Friday, September 07, 2007

Station #1: Halls Creek (2012)

Halls Creek Airport, located in north west Western Australia is our first non urban weather station that has good data for all times but one going back past 1960. Weather times at 9pm are unfortunately non existent for this area.

Maximum temperatures for Halls Creek show no significant increase or decrease, however minimum temperatures show a significant increase (t=3.24,p<0.01).

Temperatures at Midnight, 3am and 6am show no significant increase in temperature, which once again suggests that the minimum temperature is no good as measuring overnight temperatures. 9am shows no significant increase either, however since 1974, temperatures have been on the rise. Noon, 3pm, and the very data sparse 6pm each show no significant increase in temperature.

When looking at differences in yearly anomalies between 3am,6am and Min we find that 3am temperatures are everywhere, but when just looking at differences between 6am and Min we see that the minimum temperature has increased at a greater and significant rate than at 6am (t=4.9,p<0.01).

Temperature anomalies between 9am and 6am suggest that 9am once once heating up quicker than 6am around the middle of last century and then from then till 1970 anomalies were around equal (which is what we would expect if Co2 was the major driving force of global warming;is it a surprise that this is the time when global temperatures decreased slightly?). But in the last few years temperature change at 9am has grown significantly quicker than at 6am.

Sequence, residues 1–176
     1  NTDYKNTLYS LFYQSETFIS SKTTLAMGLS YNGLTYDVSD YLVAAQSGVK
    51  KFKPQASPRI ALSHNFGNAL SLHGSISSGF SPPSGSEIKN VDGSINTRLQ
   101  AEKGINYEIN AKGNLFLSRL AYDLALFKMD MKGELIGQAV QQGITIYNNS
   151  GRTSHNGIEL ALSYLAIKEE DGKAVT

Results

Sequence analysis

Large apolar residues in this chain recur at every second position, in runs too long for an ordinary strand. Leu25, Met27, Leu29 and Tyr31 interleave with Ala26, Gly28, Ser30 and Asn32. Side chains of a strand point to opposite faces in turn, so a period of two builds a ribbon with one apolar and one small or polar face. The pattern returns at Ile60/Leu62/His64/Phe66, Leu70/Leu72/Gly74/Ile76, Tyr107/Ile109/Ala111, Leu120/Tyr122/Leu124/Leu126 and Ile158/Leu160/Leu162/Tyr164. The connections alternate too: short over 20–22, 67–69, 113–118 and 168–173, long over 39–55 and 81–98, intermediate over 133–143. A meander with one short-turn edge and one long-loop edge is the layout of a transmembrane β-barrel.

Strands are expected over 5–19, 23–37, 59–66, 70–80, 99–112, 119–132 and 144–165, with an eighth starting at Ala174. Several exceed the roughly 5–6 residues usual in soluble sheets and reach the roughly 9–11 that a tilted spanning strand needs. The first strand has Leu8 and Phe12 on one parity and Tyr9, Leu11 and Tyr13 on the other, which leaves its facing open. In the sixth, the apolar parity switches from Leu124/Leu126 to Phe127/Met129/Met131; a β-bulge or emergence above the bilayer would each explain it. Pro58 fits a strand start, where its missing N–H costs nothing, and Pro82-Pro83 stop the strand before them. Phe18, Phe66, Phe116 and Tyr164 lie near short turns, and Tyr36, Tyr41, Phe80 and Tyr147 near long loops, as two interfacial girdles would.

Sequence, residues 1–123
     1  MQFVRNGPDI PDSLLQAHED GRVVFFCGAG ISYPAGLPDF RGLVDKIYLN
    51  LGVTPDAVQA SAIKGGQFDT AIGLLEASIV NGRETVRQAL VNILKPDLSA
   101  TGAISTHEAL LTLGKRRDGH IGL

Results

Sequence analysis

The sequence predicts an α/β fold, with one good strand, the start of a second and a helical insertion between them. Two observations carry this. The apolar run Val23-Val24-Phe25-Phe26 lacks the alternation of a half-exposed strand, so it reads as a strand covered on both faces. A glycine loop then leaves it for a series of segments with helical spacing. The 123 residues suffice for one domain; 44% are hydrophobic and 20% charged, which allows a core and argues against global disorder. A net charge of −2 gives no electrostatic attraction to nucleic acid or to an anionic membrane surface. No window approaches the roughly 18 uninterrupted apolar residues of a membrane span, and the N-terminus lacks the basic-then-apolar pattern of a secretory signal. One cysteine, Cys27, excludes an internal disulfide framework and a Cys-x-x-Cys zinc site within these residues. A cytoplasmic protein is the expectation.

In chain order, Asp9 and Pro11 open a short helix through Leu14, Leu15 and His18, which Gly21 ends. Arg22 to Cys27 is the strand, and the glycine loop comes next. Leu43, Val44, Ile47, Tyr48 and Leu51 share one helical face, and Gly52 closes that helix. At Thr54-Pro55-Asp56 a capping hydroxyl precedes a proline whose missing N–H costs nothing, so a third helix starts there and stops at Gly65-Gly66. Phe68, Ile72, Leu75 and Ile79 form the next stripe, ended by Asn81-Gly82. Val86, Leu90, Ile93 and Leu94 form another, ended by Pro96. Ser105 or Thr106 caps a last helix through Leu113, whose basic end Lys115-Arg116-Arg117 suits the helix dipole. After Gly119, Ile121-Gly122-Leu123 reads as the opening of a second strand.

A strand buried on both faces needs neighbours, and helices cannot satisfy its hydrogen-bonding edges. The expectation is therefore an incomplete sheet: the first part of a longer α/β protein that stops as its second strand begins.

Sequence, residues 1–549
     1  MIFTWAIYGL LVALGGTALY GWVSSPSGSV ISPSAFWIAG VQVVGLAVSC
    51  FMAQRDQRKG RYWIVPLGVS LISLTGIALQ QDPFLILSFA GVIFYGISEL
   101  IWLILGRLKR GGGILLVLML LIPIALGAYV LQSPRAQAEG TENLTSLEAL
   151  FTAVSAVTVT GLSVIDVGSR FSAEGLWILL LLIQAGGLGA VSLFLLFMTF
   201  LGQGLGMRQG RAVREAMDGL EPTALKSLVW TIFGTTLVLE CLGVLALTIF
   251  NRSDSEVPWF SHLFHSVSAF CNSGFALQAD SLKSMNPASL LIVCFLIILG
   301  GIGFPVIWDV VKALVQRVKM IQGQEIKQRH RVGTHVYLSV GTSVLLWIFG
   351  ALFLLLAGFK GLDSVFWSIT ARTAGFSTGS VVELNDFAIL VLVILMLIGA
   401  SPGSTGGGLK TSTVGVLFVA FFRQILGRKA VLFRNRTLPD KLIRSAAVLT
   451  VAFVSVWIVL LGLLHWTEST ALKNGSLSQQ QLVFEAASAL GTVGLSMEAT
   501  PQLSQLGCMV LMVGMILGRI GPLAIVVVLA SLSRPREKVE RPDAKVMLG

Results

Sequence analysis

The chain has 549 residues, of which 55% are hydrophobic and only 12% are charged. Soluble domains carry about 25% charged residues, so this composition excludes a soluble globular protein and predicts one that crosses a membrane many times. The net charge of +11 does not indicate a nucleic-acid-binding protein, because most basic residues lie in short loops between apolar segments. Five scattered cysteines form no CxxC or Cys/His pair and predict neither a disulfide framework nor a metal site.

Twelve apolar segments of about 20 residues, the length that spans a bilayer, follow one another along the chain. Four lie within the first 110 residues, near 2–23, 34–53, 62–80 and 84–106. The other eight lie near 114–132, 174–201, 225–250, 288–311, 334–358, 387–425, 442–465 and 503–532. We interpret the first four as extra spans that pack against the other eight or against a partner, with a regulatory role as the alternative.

So much quicker is the rise in temperature at 9am compared to 6am of late, that temperature anomalies at Noon compared to 9am have significantly decreased (p<0.01).

Halls creek indicates a few things for us.

1. Temperatures overnight are not increasing
2. Temperatures at 9am have and are significantly increasing over time in relation to 6am, which is probably the reason why we have a significant increase in the minimum temperature.

Whilst the data at Halls Creek isn't very conclusive, we might well just find similar and more precise trends in the stations to come.

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